What Is Special Event Insurance?

Microphone with blurred photo of conference hall with attendees in background
Image courtesy of [Photographer is my life] / Getty Images.

Many businesses sponsor events like conferences, receptions, exhibitions, and festivals. Such events can generate claims against the event sponsors. To protect themselves, businesses can purchase a type of liability coverage called special event insurance. This coverage applies to claims by third-parties for bodily injury or property damage sustained during an event sponsored by the business. Special event insurance is inexpensive and widely available.

It must be purchased before an event takes place.

Hazards of Special Events

An accident can occur at almost any type of special event. A guest might slip and fall, and sustain an injury. A fight could break out between two or more attendees, resulting in injuries to those fighting or to innocent bystanders. A stage could collapse, causing injuries to performers or guests. A guest might become intoxicated and cause an auto accident while driving home. An employee of yours could accidentally damage property belonging to the venue owner. Any of these incidents could result in a claim against your company.

Reasons to Buy Event Insurance

Special event insurance is a must if your business plans to sponsor an event and has not already purchased a general liability policy. Many venue owners will not rent their facility to you unless you provide proof of liability insurance. Moreover, claims or suits by injured attendees can be costly, particularly for a small business.

If your firm has no liability insurance, it will have to pay these claims out of pocket.

Do you need to buy a special event policy if your firm is already insured under a general liability policy? The answer depends on the nature of your event, the scope of your existing coverage, and degree of protection you want for your business.

For example, suppose you are planning an off-site retirement party for 200 guests. You plan to provide a cash bar, which will be manned by two of your employees, and charge guests five dollars per drink. Because you intend to sell liquor for a charge, you will need liquor liability insurance. Your existing liability policy does not include this coverage, and your insurer will not provide it for one event. You can safeguard your business by purchasing a special event policy that includes liquor liability coverage.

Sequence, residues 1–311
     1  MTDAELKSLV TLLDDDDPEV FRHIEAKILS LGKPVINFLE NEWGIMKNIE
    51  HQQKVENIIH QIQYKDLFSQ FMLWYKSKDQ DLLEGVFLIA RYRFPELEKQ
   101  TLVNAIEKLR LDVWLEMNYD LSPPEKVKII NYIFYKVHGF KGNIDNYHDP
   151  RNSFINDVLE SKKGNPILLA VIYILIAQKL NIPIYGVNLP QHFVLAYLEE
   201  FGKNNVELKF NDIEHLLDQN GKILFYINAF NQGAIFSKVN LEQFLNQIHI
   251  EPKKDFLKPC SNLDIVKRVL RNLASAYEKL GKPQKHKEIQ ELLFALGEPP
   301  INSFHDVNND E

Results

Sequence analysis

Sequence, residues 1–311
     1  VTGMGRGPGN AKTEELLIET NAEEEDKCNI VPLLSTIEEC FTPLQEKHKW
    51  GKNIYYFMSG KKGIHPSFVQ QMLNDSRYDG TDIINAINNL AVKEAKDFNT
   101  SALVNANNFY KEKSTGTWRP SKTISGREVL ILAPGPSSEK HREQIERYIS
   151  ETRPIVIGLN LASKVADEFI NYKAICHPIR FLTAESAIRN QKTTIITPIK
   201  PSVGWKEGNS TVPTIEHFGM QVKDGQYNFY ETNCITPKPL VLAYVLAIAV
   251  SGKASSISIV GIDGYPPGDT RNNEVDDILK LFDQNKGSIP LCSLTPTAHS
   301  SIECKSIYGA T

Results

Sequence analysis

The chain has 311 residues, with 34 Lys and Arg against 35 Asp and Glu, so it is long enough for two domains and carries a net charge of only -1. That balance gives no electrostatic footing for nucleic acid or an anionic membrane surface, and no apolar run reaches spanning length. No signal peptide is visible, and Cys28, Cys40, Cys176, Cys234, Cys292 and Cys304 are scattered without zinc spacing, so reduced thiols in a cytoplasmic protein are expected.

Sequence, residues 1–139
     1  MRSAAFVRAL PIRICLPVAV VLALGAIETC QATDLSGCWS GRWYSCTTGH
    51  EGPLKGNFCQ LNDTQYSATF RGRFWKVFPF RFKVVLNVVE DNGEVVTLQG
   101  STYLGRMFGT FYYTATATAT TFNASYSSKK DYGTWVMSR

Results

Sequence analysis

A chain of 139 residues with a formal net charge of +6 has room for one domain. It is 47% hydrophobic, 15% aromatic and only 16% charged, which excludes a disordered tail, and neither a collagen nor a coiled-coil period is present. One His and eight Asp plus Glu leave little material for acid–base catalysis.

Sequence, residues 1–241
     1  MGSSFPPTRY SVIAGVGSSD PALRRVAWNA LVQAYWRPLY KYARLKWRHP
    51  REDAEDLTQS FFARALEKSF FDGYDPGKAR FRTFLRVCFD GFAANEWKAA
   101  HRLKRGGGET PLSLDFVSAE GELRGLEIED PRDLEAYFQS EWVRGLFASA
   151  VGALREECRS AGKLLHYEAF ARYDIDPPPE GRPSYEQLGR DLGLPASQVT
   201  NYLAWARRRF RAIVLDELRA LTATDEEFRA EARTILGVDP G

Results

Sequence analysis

A unique coverage that may be purchased under event policies is cancellation insurance. This coverage is not available under standard liability policies. It provides reimbursement for revenue you lose or expenses you incur (such as lost deposits) due to the cancellation or postponement of your event. To be covered, the cancellation or postponement must result from a cause covered by the policy. Depending on the policy, covered causes may include severe weather (like a hurricane), an earthquake, terrorism, non-appearance of a key performer, or a fire at the venue. Some insurers sell event cancellation insurance as a separate coverage.

Another reason to buy a special event policy is to protect the limits afforded by your existing liability policy.

Claims that arise from the insured event should be covered by your special events policy on a primary basis. If the claim is also covered by your existing liability policy, that policy should apply on an excess basis. Insurers that sell special events policies to small businesses may offer a per occurrence limit up to $5 million.

Policy Forms and Exclusions

Many special event policies are issued on standard ISO liability forms. The policy typically includes an endorsement that restricts coverage to the event and date described in the endorsement. Policies generally exclude activities like those listed below. Sporting events may be subject to additional exclusions or limitations.

  •  Pyrotechnics (fireworks)
  • Aerial maneuvers such as ski jumping
  • Amusement devices
  • Bungee jumping
  • Trampolines
  • Firearms
  • Rodeos

    The venue owner will likely require you to provide a certificate of liability insurance. The rental contract may require you to include the venue owner as an additional insured under your liability policy. The contract may also require a waiver of subrogation.

    Insurance Application

    Special events insurance is available from both standard and specialty insurers. Some insurers offer this insurance online, either directly or through an agent or broker. To obtain a policy, you'll need to complete an application. Here are some examples of the types of information you may be asked to provide:

    • Your company name and address, and a description of your business
    • Detailed description of the event, including the date, time and duration
    • Location of event and the name of the venue owner
    • Expected number and age range of attendees
    • Whether liquor will be served or sold, and if so, whether a charge will be made
    • Types of entertainment to be provided (live band, clowns, dancers etc.)
    • Names of entities requiring coverage as additional insureds
    • Type of seating provided
    • Whether you require vendors, performers etc. to provide evidence of liability insurance
    • Estimated gross receipts, if you are charging for your event
    • Name of company or agency responsible for security
    • Temporary structures to be used, such as tents, stages, and booths